[joe-frank-list] Jack Kornfield
awkwardgrace at yahoo.com
Mon Jun 19 12:58:56 PDT 2006
My initial reaction to Kornfield segments was
practically to roll my eyes and hold my nose. After
not too long, though, I began to like the musicality
of his voice. And then, persuaded to listen, I
realized we was going beyond the simplistic thinking
that I associate with spiritual tourism, and I
understood that he actually did have some wisdom to
impart. In the end I've collected quite a few of his
audio materials (on the written page his voice doesn't
come through). Because of my gut-level objections to
new age things and self help things, I realize I never
would have tapped into JF were it not for the Joe
Frank wrapping put it around.
I think there's an episode where Larry and Joe talk
about Kornfield, almost in passing. That snippet
tended to confirm what I thought all along (once I
took JK seriously), which is that Joe weaves in the
Kornfield bits because there's a richness there and
lack of irony. If nothing else, the JK segments work
as a kind of musical or emotional counterpoint (a calm
clear voice against the more manic and anguished and
Also, and I think this came up on this list about a
year ago, during a Bay Area radio interview with JK it
was revealed that he had never heard of Joe Frank!
--- Robert Holland <rholland356 at yahoo.com> wrote:
> I enjoy the juxtaposition of views and voices that
> Kornfield brings to the works. It really enhances
> stories, from my point of view.
> Listen to Larry telling his manic stories. Larry's
> playing a modern voice that you just know couldn't
> into Kornfield's ancient view of life. And
> performance is quite suave and soothing--he's a
> salesman. With Kornfield as background, Larry leaps
> from the radio.
> Instead of us getting 30 minutes of a Larry rant,
> which could become mundane, by framing Larry with
> Kornfield, it just makes Larry really come alive. It
> enhances the nuances in Larry's story.
> I don't see a spiritual search here on Joe's part.
> Nobody interacts with Kornfield, or pursues Buddhist
> philosophy during the shows.
> --- Jeff Anton <antonjf at hesiod.org> wrote:
> > It took quite a while for me to stop being annoyed
> > by Jack's voice
> > in Joe's work. For me, Jack seems like a pale,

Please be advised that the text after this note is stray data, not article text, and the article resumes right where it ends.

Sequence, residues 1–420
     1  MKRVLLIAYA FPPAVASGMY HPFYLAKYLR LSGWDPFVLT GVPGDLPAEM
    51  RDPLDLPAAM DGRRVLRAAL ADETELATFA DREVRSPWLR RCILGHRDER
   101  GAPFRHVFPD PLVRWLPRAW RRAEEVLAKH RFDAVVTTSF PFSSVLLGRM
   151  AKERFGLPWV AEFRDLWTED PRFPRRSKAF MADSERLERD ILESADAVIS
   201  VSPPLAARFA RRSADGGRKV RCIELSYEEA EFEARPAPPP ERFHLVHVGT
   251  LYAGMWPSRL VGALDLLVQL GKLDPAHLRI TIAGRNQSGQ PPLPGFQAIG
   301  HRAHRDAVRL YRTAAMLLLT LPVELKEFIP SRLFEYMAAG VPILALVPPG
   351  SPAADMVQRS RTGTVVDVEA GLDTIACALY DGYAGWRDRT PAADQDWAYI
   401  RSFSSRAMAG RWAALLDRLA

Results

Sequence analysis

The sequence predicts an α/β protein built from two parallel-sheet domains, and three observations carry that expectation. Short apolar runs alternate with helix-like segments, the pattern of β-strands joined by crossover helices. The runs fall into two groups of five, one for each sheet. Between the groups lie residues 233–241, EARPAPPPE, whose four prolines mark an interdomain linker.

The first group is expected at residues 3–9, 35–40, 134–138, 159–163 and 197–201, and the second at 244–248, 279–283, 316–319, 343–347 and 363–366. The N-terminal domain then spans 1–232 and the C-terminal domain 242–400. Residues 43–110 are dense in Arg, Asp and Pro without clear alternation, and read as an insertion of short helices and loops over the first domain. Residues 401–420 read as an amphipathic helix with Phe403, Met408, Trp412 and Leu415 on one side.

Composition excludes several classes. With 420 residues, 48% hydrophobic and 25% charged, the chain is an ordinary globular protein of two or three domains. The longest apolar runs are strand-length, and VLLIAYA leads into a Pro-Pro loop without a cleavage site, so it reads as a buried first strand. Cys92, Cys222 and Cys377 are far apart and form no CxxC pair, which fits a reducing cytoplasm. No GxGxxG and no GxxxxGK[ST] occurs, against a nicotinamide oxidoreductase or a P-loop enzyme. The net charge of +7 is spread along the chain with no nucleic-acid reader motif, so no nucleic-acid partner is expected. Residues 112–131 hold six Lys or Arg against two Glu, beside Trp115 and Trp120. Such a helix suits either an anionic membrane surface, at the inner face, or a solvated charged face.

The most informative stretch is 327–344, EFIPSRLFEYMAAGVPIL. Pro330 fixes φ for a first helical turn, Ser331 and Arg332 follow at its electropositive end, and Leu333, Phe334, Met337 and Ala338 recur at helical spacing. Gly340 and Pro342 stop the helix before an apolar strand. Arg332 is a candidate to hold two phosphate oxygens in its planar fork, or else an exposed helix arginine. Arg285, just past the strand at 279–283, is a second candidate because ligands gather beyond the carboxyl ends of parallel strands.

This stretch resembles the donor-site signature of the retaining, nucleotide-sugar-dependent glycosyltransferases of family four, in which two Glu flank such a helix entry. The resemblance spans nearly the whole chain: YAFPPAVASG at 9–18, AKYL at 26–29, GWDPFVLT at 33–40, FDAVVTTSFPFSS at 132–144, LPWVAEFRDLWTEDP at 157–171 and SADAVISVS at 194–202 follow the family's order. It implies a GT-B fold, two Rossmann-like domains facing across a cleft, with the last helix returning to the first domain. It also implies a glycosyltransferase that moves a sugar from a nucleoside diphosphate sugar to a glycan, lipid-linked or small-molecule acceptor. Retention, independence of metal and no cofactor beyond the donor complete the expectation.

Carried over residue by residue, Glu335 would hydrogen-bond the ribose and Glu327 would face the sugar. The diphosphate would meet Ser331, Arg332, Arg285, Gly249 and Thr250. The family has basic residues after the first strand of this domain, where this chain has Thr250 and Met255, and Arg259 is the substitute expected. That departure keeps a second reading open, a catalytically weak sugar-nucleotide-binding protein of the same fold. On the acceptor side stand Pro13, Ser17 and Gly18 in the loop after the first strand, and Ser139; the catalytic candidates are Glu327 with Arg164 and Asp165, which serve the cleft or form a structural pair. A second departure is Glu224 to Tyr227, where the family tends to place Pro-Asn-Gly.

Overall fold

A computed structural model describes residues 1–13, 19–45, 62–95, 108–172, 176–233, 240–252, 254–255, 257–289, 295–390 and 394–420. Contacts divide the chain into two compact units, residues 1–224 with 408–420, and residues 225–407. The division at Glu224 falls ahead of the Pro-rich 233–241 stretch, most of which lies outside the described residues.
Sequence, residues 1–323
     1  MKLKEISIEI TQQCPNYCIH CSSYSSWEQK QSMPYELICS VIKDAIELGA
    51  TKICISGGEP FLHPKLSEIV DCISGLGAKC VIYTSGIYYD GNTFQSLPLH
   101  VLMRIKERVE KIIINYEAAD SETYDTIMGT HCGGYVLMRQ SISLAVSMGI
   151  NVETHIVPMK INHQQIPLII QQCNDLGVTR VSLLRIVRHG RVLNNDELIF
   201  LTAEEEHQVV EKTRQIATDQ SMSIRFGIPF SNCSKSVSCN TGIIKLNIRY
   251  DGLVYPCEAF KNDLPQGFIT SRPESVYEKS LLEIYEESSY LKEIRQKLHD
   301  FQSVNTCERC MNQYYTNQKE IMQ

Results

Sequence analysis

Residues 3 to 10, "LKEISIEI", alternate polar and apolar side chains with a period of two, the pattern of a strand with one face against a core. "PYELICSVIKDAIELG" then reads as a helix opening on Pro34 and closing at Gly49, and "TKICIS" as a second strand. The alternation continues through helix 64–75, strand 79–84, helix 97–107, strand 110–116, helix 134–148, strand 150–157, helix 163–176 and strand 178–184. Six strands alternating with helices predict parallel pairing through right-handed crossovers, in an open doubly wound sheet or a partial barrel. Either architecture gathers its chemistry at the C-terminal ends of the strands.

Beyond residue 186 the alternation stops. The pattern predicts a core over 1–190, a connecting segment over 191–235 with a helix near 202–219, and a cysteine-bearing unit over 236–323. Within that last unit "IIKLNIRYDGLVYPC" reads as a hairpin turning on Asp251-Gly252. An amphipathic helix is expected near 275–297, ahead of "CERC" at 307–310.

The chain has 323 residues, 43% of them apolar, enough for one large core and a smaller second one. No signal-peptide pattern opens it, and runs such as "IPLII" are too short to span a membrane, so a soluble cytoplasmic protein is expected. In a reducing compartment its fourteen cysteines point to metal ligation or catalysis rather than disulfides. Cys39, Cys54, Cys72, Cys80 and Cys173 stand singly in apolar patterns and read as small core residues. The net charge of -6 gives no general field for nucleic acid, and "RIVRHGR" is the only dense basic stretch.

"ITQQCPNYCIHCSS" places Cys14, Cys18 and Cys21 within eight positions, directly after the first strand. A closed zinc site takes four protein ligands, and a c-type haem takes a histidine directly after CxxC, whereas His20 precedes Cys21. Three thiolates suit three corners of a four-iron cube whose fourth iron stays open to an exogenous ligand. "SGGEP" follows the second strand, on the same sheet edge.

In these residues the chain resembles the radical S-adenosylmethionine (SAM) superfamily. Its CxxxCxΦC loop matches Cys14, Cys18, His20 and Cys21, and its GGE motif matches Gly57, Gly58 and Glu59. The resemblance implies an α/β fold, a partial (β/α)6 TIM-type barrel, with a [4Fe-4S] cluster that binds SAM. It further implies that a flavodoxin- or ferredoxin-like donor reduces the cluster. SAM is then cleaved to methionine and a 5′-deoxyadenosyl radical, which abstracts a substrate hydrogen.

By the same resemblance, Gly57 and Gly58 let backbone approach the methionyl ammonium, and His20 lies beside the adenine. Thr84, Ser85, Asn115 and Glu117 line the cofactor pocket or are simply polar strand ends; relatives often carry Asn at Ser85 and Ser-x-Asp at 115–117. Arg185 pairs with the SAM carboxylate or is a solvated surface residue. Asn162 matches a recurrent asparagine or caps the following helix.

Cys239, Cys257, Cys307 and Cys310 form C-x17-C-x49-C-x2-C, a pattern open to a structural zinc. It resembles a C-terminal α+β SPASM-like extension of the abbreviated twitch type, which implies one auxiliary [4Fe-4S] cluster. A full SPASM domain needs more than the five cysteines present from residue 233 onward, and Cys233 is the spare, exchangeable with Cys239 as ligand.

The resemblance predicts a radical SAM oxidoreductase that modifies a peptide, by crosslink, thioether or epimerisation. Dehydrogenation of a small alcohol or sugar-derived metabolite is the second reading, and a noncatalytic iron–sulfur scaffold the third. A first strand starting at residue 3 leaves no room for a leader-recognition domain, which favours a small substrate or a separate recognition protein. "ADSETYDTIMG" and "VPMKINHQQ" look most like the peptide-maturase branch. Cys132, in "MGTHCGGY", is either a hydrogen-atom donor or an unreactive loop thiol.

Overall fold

> > monotone and overly
> > simple version of Alan Watts. Having heard many
> > the recordings
> > of Alan Watts' lectures, Jack puts me to sleep.
> > Alan's talks and
> > stories seem very much more like Joe's work to me.
> > I've also thought
> > that Joe might have run out of his own point of
> > view. Joe's early
> > work was often actors doing some reading with Joe
> > a kind of
> > narrator or chorus pointing something out. When
> > Jack Kornfield
> > showed up, I felt that Joe deligated the
> > narrator/chorus role to
> > Jack because so much of those shows are Joe and
> > Frank or Debi on
> > the phone.
> > Jeff Anton
> > Sally wrote:
> > >
> > > I would absolutely love to hear what everyone's
> > take on Jack Kornfield
> > > is, and what they think Joe's take on him is.
> > >
> > > I initially regarded them ironically, and
> > Joe was using them as
> > > counterpoint to Debi (who seems after a sense of
> > spiritual fulfillment)
> > > and also sometimes Larry (who seems to
> > misunderstand Jack completely).
> > > But, now I've actually gotten really into them.
> > feel like Joe is
> > > using them to condemn Debi and Larry's world
> > But, then, does Joe
> > > subscribe to Jack's philosophies?
> > >
> > > --
> > > What is an oilostatic?
> > > sally at oilostatic.com
> > >
> > >
> > > _______________________________________________
> > > Joe Frank Mailing List
> > > joe-frank-list at armory.com
> > >
> > >
> > >
> > _______________________________________________
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